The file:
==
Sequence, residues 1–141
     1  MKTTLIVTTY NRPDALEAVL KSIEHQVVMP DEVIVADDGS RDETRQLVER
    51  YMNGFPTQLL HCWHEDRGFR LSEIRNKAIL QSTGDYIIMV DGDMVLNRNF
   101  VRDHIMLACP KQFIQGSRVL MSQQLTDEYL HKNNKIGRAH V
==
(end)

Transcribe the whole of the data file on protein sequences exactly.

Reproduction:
Sequence, residues 1–141
     1  MKTTLIVTTY NRPDALEAVL KSIEHQVVMP DEVIVADDGS RDETRQLVER
    51  YMNGFPTQLL HCWHEDRGFR LSEIRNKAIL QSTGDYIIMV DGDMVLNRNF
   101  VRDHIMLACP KQFIQGSRVL MSQQLTDEYL HKNNKIGRAH V